A test used to find out how well a normal liver can absorb and store large amounts of the sugar glucose. The test is given either orally (through the mouth) or intravenously (injected directly into the blood stream).

From the BioTech Dictionary at http://biotech.icmb.utexas.edu/. For further information see the BioTech homenode.

The way to diagnose diabetes is sometimes a yucky one

Most GP's will at one stage check their patients blood glucose levels, either to rule out diabetes due to a clinical suspicion, or as part of a general check up, for instance for a life insurance.

If, after a fasting (for eight hours prior to the test nil to eat or drink) blood glucose test the result is ambivalent (i.e. between 6.1 - 6.9 mmol/L glucose concentration in venous blood) the patient will be send for the dreaded oral glucose tolerance test.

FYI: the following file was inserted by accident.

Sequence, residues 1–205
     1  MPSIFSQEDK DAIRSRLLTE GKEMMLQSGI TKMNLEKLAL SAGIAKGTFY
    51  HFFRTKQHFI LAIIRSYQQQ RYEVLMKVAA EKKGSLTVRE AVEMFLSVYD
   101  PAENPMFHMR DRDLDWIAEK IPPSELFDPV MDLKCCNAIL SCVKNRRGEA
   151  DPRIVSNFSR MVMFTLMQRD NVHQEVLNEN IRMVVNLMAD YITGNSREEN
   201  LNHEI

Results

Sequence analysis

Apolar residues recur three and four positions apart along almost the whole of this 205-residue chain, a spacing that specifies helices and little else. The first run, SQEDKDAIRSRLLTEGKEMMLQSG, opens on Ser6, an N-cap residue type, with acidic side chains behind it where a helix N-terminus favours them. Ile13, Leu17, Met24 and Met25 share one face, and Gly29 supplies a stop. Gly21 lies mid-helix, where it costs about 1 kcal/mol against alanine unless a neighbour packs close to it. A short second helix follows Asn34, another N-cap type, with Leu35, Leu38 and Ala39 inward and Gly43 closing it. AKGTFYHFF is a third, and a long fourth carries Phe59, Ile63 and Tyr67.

This is how it works: the patient appears fasted at the lab and a first sample will be taken. Then the patient needs to drink the most sickenly sweet stuff ever: 75 g glucose concentrated in a glass: that's worse than Vanilla Coke.


After two hours another bloodsample is taken: the sample is then analysed:

  • Blood glucose less than 7.8 mmol/L -> Not diabetic
  • Blood glucose 7.8 - 11.0 mmol/L -> Impaired glucose tolerance
  • Blood glucose >11.0 mmol/L -> Diabetic

    Tadaa! Easy as that. But they really should improve the taste of that stuff..

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